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Homepage for Math 104: Elementary Combinatorics and Probability,
Spring 2007

**Instructor:** Michael Weingart.

**Teaching Assistant:** Michael Weingart. If you are shy about
asking the instructor for help, please don't hesitate to ask the TA.

**Email:** weingart [at] math [dot] rutgers [dot] edu.

**Office hours:** Thursdays 12:30-1:00 and 2:30-3:30 in Hardenbergh
B7, and by
appointment.

**Required Text:** *Finite Mathematics and its Applications, Ninth
Edition* by Goldstein, Schneider and Siegel.

We will cover chapters 5, 6, and 7.
Please note that this is a new edition of the text, and differs from the
edition used in Math 104 last year.

**Optional Recommended Text:** *Innumeracy * by John Allen
Paulos. This is a lively, illuminating, and very readable book which reinforces
several topics covered in this course.

**Lecture time and location:**
Hardenbergh
B5, TTh 1:10-2:30.

Tentative
schedule of lectures .

**Optional Weekly Problem Solving Session: ** Hardenbergh
A2, Mondays 7:40-8:40pm.

The course has no recitation section, so this is essentially an informal one. This is a
good opportunity to get practice working out problems similar to those
assigned as homework, and to ask questions which, for some inexplicable
reason, you hesitate to ask during the regular class.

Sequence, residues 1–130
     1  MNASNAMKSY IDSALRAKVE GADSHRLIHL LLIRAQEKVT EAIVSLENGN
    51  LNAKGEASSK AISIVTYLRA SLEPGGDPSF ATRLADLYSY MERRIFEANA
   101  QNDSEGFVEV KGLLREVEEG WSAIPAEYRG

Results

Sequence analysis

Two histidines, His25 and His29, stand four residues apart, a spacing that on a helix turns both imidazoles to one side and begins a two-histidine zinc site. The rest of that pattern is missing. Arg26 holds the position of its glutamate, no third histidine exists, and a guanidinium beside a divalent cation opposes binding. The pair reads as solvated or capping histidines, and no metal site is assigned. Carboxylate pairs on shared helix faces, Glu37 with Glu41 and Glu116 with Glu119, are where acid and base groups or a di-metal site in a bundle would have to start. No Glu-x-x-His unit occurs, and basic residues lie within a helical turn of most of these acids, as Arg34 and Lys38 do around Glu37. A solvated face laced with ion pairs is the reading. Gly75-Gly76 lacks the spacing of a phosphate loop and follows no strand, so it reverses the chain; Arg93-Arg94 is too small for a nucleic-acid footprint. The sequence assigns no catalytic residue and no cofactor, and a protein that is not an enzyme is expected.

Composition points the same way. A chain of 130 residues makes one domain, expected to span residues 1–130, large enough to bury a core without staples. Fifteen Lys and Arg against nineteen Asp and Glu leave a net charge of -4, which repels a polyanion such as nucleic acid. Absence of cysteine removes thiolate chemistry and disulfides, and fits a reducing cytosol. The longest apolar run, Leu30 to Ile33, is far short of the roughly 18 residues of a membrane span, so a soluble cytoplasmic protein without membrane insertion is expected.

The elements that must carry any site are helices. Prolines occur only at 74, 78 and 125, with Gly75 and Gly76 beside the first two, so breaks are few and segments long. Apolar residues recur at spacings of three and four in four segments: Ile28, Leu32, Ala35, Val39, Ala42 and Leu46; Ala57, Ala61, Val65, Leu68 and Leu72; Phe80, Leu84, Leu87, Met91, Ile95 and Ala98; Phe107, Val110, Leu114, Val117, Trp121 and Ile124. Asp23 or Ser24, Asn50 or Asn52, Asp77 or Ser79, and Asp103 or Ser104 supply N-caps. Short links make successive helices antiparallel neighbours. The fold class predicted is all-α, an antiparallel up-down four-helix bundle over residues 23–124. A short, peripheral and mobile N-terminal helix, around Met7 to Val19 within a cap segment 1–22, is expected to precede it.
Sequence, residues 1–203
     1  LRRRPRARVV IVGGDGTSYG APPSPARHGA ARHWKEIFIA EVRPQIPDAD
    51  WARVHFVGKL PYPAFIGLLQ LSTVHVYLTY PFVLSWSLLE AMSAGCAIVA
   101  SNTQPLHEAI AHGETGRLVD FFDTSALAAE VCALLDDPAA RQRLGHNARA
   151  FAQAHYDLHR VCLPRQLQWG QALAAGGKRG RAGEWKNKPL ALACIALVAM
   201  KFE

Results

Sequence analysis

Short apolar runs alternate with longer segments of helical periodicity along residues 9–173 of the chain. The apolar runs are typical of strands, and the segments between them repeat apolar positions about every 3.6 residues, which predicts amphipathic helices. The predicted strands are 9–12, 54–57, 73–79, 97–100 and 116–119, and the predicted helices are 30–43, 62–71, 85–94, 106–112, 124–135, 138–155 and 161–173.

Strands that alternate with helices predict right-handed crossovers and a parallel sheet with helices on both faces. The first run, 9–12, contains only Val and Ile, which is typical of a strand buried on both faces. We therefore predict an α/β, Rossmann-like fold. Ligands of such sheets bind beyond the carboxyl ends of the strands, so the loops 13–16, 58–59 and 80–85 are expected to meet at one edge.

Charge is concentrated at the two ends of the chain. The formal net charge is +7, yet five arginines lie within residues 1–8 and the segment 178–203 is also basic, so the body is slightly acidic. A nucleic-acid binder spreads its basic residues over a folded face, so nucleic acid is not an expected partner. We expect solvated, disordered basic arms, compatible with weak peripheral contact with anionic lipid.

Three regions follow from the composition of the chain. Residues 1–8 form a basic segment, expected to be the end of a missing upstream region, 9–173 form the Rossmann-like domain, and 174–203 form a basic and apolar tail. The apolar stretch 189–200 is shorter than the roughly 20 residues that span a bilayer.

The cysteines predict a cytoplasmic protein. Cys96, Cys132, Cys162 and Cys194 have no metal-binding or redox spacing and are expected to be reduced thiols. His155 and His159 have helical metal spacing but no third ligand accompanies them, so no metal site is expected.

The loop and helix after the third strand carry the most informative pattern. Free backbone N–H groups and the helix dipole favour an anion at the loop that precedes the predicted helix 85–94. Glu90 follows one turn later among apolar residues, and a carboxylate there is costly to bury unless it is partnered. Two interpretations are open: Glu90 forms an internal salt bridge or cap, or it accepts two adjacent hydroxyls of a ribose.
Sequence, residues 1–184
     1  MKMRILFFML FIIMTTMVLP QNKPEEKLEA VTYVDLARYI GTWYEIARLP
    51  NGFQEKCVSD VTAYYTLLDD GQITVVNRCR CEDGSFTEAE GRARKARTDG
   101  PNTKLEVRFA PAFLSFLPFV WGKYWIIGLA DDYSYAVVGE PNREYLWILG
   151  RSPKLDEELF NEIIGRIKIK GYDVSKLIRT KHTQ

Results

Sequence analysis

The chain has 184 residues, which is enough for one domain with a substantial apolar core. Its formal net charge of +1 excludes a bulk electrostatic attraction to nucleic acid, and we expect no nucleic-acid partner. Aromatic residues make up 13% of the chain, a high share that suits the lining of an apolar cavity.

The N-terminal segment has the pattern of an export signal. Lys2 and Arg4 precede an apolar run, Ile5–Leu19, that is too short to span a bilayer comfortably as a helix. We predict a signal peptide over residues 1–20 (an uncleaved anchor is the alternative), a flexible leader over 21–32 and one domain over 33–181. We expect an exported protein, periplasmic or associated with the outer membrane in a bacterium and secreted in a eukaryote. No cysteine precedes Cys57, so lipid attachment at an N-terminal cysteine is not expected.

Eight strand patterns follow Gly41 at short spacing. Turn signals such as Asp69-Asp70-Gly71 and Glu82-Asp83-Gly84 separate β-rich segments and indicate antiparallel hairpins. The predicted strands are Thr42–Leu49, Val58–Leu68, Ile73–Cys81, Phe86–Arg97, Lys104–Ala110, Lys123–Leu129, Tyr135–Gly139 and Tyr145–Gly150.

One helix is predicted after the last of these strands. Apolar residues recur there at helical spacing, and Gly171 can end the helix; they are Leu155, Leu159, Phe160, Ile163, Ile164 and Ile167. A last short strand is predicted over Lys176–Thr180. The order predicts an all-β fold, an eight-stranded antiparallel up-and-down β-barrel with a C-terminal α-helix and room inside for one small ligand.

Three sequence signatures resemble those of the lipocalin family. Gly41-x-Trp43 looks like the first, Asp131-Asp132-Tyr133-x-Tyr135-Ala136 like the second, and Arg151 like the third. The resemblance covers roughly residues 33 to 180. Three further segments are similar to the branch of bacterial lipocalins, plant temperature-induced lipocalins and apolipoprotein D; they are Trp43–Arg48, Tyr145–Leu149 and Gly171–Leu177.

**Course Webpage:** www.math.rutgers.edu/~weingart/104mainpage.html.

**Final Exam:** Tuesday May 8, 8-11 AM.

**Grading Scheme:**

20%
Homework

20% First Midterm

20% Second Midterm

40% Final Exam

Every week (approximately)
set of homework problems
will be assigned, and will be due AT THE BEGINNING OF
CLASS the following Tuesday.

You are encouraged to work with classmates
on these assignments, but you are not permitted to *copy* someone
else's work. If you receive help from someone else (which is
fine) then please indicate this on the homework you submit.

**A few friendly words of advice:** Never fall behind in a math course!!!!!
The ideas we'll be discussing need time to sink in, and are very difficult
to learn quickly right before an exam, so it is important to clear up
your confusions sooner rather than later. An excellent way to
improve your understanding of the subject is to study and work on
homework together with classmates. Explaining mathematical ideas to
others is often the most effective way to sort out your own confusions and
clarify your understanding; you don't know just what it is that you don't
know until you try explaining it to someone else.

Mathematics Department

Rutgers University Homepage